Document Type


Publication Date

Spring 4-2014


Over the past 60 years, the South Korean economy has gotten outstanding achievements that would be hard to find around the world. South Korea’s real GDP, which was converted to US dollars using 2011 PPPs, in 2010 was 1,506 billion from 3.8 billion in 1960, and real GDP per capita in 2010 was 29,411 from 1,537 in 1960. The successful paradigm of the South Korean economy has clearly benefitted from export-led development and ready access to common sea lanes.

South Korea is surrounded by the ocean on three sides. It has abundant ocean resources, with its 433,000㎢ of territorial water under its jurisdiction, which is about five times the size of its land. It also possesses 1,914㎞ of coastline and 3,167 of island. In addition, South Korea produces 3 million tons of fish per annum, 99.7% of its trade cargo is transported by the ocean. In other worlds, the ocean resources and ocean industries have played a significant role in the national economy.

Under such circumstances, the Ministry of Maritime Affairs and Fisheries (MOMAF) was established in 1996 to realize the integrated ocean governance, which was performed by 13 different ministries and administrations. The Basic Act on Marine and Fishery Development (BAMFD) has also been enacted in 2002 by MOMAF to promote the development of the ocean industry, and protect the ocean environment, ocean resources, and ocean jurisdiction. This law became a basis of integrated ocean policies in South Korea. Besides, the 1st Ocean Korea 21 (OK 21) during 2001-2010 was planned by MOMAF in 2000 as a new vision and strategies to cope with the changes in ocean environment, and improve the international competitiveness in ocean power.

But the MOMAF was disassembled by the previous administration in 2008. The functions of maritime transportation, marine environment policy, and so on were transferred to the Ministry of Land, Transportation and Maritime Affairs (MLTM), and that of fishery to the Ministry for Food, Agriculture, Forestry, and Fishery (MIFAFF). In this situation, the MLTM made the 2nd OK 21 during 2011–2020 in 2010. After then, the present administration reestablished the Ministry of Ocean and Fisheries (MOF) in accordance with demand of the people in 2013.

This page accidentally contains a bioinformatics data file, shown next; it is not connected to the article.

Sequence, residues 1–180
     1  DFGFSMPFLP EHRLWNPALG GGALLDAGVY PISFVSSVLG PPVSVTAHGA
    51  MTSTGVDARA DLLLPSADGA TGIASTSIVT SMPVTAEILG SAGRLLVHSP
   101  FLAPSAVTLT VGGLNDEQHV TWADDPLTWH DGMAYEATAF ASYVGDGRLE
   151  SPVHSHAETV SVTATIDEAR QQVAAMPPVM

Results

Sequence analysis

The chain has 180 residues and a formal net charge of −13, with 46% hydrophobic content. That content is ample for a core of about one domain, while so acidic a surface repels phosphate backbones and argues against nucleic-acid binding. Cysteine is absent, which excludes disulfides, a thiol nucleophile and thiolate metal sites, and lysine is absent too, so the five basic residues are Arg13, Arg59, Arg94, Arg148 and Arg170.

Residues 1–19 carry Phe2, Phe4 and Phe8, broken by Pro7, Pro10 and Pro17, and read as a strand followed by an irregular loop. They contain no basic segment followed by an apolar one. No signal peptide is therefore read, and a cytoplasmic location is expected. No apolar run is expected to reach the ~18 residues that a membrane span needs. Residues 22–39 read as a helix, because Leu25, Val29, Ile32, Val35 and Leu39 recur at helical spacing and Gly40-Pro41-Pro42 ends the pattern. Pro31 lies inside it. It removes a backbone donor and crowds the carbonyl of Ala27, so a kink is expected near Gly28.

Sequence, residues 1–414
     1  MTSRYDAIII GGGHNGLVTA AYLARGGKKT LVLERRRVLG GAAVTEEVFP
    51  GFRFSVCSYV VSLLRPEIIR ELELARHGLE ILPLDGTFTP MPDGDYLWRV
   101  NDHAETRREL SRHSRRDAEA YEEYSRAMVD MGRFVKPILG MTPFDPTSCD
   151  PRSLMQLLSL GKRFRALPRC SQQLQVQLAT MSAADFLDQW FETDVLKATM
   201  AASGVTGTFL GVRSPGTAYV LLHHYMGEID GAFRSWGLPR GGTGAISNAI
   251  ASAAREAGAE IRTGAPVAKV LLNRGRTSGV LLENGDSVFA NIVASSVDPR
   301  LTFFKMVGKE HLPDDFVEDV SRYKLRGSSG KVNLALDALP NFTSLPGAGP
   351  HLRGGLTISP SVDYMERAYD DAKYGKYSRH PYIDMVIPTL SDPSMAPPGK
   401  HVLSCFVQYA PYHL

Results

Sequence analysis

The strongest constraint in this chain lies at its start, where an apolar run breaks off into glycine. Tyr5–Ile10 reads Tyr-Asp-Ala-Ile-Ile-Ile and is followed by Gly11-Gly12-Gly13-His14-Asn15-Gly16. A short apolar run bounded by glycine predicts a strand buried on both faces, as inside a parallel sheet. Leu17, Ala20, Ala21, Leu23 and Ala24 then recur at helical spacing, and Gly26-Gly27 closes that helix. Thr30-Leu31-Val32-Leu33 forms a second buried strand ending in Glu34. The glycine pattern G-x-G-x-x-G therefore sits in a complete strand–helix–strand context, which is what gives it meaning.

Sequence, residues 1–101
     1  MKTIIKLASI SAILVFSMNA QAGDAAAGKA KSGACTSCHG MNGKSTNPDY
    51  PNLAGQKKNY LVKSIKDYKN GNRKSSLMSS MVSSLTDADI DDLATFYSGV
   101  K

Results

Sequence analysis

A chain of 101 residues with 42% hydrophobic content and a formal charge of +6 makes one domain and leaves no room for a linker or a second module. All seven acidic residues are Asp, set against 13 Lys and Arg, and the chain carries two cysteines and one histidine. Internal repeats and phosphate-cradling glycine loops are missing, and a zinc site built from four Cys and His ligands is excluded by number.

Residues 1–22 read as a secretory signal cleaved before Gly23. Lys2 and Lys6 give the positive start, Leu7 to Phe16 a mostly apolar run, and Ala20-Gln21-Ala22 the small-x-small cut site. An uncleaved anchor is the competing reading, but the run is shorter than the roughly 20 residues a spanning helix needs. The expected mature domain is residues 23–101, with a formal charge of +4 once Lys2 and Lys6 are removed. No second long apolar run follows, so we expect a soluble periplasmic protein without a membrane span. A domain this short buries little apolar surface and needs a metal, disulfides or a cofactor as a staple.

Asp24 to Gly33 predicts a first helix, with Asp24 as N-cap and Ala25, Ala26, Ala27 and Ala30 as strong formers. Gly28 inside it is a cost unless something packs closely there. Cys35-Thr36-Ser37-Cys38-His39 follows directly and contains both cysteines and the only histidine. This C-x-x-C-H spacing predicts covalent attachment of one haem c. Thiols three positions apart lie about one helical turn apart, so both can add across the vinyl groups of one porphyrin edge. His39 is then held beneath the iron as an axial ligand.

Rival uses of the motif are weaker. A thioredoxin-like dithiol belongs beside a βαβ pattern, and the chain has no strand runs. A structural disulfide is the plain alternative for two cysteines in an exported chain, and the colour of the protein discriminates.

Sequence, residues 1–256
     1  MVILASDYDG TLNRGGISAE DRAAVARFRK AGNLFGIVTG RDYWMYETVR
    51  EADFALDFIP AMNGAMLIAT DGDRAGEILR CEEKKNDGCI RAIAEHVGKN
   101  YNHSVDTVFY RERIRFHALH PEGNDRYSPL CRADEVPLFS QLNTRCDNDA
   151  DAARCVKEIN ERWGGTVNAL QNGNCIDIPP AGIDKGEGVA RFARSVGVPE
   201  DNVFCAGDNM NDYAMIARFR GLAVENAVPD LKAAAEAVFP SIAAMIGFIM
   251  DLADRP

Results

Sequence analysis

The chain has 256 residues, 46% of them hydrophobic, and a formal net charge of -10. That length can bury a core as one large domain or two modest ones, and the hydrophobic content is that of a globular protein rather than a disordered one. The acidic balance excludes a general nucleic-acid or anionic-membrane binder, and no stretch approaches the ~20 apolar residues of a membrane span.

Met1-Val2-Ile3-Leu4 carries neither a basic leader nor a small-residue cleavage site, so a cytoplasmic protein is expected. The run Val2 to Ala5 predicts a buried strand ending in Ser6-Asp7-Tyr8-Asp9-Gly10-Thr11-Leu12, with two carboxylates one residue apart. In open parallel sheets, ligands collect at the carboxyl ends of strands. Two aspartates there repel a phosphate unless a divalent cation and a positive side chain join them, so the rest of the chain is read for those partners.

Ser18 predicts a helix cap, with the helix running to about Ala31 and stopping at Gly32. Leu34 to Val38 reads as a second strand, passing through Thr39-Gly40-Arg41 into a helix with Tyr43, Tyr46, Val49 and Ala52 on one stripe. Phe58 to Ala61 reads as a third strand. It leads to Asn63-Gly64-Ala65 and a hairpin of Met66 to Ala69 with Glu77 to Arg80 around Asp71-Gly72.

Otherwise, South Korea’s ocean industries including shipbuilding, shipping, offshore platform constructing, and fisheries have achieved enormous improvement. According to the MOMAF’s report, which was written by the Arthur D. Little in 2006, South Korea’s ocean power was the 12th among 40 ocean countries. In the case of the ocean industries, its ship and offshore platform building industry was the top in the world, and shipping and port industry had also world class competitiveness.

However, it is difficult to know the scale and status of the ocean industries in the South Korean national economy. That’s because Korea has not ocean economy statistics systems, and official agency in charge of estimating the ocean economy. Global ocean countries, such as the USA, China, and EU, have ocean economy statistics systems. In the case of the USA, the National Ocean Economic Program (NOEP) has provided a full range of the most current economic and socioeconomic information available on changes and trends along the USA coast and in coastal waters. Especially, NOEP produced the concept of both the ocean economy and coastal economy. But, in Korea, the ocean economy has been estimated whenever the need arose, and the coastal economy hasn’t been estimated yet.

These situations require researchers to provide policy-makers, decision-makers, industry, and general public with reliable information of the ocean economy and coastal economy. So this paper aims to analyze the status of the ocean economy and coastal economy in the South Korean national economy. With these general aims, after this introduction, the second section will introduce the ocean economy and coastal economy, and the cases by country. The third section will analyze the status of the ocean economy in the South Korean national economy, and the fourth section will also show it of the coastal economy. Lastly, the final section will sum up the conclusions.


Dr. Kwang Seo Park, Director, Polar and Future Policy Research Department, Korea Maritime Institute, wrote this paper as part of his 2013-2014 Visiting Scholar residency at the Center for the Blue Economy.